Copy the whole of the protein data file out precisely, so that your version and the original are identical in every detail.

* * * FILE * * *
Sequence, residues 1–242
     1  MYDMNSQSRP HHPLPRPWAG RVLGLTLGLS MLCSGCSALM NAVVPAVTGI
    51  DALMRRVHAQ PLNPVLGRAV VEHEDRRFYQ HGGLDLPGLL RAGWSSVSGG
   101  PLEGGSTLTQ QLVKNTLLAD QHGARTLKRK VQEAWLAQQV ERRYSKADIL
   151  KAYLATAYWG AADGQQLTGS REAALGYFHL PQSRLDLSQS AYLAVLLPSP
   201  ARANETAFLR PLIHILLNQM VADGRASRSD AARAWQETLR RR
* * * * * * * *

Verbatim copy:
Sequence, residues 1–242
     1  MYDMNSQSRP HHPLPRPWAG RVLGLTLGLS MLCSGCSALM NAVVPAVTGI
    51  DALMRRVHAQ PLNPVLGRAV VEHEDRRFYQ HGGLDLPGLL RAGWSSVSGG
   101  PLEGGSTLTQ QLVKNTLLAD QHGARTLKRK VQEAWLAQQV ERRYSKADIL
   151  KAYLATAYWG AADGQQLTGS REAALGYFHL PQSRLDLSQS AYLAVLLPSP
   201  ARANETAFLR PLIHILLNQM VADGRASRSD AARAWQETLR RR